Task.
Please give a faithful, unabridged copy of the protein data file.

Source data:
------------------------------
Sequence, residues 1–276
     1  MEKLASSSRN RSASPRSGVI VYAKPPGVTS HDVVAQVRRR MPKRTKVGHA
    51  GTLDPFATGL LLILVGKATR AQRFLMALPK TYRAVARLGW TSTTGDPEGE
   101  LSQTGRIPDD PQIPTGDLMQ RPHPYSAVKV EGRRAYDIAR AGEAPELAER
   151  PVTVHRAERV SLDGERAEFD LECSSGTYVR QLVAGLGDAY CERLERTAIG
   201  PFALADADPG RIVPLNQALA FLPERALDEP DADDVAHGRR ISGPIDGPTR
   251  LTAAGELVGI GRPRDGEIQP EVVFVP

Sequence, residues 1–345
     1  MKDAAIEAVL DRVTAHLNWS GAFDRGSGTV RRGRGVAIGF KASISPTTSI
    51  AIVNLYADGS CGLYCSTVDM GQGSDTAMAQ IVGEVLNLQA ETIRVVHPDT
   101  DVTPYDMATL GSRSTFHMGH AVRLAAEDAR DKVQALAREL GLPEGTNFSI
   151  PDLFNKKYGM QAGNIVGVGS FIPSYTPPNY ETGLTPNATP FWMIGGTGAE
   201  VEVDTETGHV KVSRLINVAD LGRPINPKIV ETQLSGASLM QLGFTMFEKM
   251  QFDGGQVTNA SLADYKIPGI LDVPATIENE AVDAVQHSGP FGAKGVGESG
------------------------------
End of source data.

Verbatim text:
Sequence, residues 1–276
     1  MEKLASSSRN RSASPRSGVI VYAKPPGVTS HDVVAQVRRR MPKRTKVGHA
    51  GTLDPFATGL LLILVGKATR AQRFLMALPK TYRAVARLGW TSTTGDPEGE
   101  LSQTGRIPDD PQIPTGDLMQ RPHPYSAVKV EGRRAYDIAR AGEAPELAER
   151  PVTVHRAERV SLDGERAEFD LECSSGTYVR QLVAGLGDAY CERLERTAIG
   201  PFALADADPG RIVPLNQALA FLPERALDEP DADDVAHGRR ISGPIDGPTR
   251  LTAAGELVGI GRPRDGEIQP EVVFVP

Sequence, residues 1–345
     1  MKDAAIEAVL DRVTAHLNWS GAFDRGSGTV RRGRGVAIGF KASISPTTSI
    51  AIVNLYADGS CGLYCSTVDM GQGSDTAMAQ IVGEVLNLQA ETIRVVHPDT
   101  DVTPYDMATL GSRSTFHMGH AVRLAAEDAR DKVQALAREL GLPEGTNFSI
   151  PDLFNKKYGM QAGNIVGVGS FIPSYTPPNY ETGLTPNATP FWMIGGTGAE
   201  VEVDTETGHV KVSRLINVAD LGRPINPKIV ETQLSGASLM QLGFTMFEKM
   251  QFDGGQVTNA SLADYKIPGI LDVPATIENE AVDAVQHSGP FGAKGVGESG